Aaronson’s surly tone was typical. Umesh Vazirani, a professor of computer science at the University of California, Berkeley, said, “D-Wave is misleading the public by calling their device ‘a practical quantum computer.’ The whole point of quantum computing is achieving a large speedup over classical computers, something that D-Wave hasn’t accomplished.”
Something solved the problems at the demonstration, but it might not necessarily be a quantum computer. In particular, computer scientists do not know how well the Orion corrects for the crescendo of errors, caused by thermal noise and the decoherence of qubits, that is attendant upon any quantum computation. These errors must be carefully managed if a quantum computer is to work. Indeed, according to all the computer scientists to whom Technology Review spoke, because the Orion can function as a rather slow analog computer, it’s possible that the Orion was not really performing quantum operations at all when it was demonstrated at the Computer History Museum.
“Has D-Wave really implemented a 16-qubit quantum computer, or do their qubits decohere so quickly that they are in effect implementing a classical algorithm?” asked Vazirani. “D-Wave has not provided any evidence to favor the first possibility over the second.”
The most generous quantum computing scientists will grant that D-Wave has made an interesting gamble.
“I don’t know much about business, but I imagine that the reasoning at D-Wave is something like the following,” said Seth Lloyd, a professor of mechanical engineering at MIT, who proposed the first technologically feasible design for a quantum computer. “Say the odds are 10-to-1 against adiabatic quantum computing working, so the venture is likely to fail. But if it succeeds, then they’ll clean up. What D-Wave is doing is unlikely to succeed, but it is not quixotic.”
We asked Geordie Rose to defend the Orion to his critics.
Jason Pontin: Did you, in fact, demonstrate the world’s first practical quantum computer?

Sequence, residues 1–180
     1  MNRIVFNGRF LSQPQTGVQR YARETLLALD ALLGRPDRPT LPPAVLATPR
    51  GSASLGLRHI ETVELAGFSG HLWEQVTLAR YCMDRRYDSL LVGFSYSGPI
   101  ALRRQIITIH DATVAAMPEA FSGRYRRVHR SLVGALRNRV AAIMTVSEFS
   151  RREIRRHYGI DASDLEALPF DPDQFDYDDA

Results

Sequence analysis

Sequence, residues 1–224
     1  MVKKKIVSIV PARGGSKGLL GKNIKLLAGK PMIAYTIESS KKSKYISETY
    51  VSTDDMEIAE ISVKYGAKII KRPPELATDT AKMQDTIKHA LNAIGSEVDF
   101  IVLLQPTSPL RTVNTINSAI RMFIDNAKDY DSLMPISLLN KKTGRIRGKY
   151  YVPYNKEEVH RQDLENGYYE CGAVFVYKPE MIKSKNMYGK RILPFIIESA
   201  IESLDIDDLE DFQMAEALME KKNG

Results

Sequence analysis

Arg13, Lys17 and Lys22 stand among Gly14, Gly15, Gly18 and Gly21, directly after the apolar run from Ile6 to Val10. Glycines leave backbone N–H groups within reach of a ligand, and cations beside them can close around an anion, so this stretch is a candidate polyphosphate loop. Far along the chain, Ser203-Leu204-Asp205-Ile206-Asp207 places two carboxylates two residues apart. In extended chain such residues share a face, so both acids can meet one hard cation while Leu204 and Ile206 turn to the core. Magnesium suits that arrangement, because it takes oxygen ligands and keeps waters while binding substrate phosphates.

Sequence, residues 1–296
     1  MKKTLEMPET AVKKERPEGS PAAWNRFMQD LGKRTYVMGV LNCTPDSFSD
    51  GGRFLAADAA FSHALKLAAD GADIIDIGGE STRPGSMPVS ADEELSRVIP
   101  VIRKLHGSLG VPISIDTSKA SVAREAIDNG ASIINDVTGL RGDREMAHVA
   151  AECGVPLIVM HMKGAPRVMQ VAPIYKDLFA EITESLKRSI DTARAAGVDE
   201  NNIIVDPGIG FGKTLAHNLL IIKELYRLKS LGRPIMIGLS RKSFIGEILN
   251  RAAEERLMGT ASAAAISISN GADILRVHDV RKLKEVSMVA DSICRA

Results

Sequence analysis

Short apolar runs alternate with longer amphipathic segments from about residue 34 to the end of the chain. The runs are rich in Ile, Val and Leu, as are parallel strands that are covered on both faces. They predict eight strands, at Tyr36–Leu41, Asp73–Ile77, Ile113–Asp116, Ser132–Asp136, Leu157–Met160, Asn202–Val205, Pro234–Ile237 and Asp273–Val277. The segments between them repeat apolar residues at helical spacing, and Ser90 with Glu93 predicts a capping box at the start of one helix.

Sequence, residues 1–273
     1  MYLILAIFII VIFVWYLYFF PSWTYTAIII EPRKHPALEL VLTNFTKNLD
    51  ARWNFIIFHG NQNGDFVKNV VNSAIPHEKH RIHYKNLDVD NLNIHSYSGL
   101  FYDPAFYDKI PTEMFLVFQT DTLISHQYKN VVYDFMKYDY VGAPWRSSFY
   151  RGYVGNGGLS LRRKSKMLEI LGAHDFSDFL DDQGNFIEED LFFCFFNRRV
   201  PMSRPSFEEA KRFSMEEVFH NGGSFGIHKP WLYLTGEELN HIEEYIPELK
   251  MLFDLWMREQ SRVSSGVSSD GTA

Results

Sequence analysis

Geordie Rose: Yes.
JP: Well, that’s blunt. Is a truly fault-tolerant, adiabatic computer a quantum computer?
JP: That begs this question, I’m afraid: is the Orion fault-tolerant?
GR: Yes, it is.
GR: If you’d like me to elaborate, I can.
JP: That would be nice.
GR: There are two different concepts here. Fault tolerance is first and foremost about whether the processor will continue to function as it was designed in the presence of faults. In the system that we operated during the demo, the chip had 2 broken components out of 56, and the thing operated beautifully in the presence of those faults. So the Orion is absolutely fault-tolerant. There’s no question. We’ve demonstrated that. But I think you’re really asking about decoherence.
JP: I am.
GR: The presence of noise in a quantum computer can cause errors. If you want to run a quantum computer coherently, to be able to do anything that a quantum computer possibly can do, you need to actively remove errors. In our approach, the adiabatic model, the physics of the device is quite different from conventional quantum computers like gate models. In order for an error to happen at all in our approach, you need to supply a certain amount of energy which physicists call an “energy gap.” If the noise doesn’t have at least that amount of energy, it can’t do anything bad. So if you don’t supply that amount of energy, there’s a natural gap that protects the system from noise. Adiabatic quantum computers are known to be much more robust to noise than other approaches.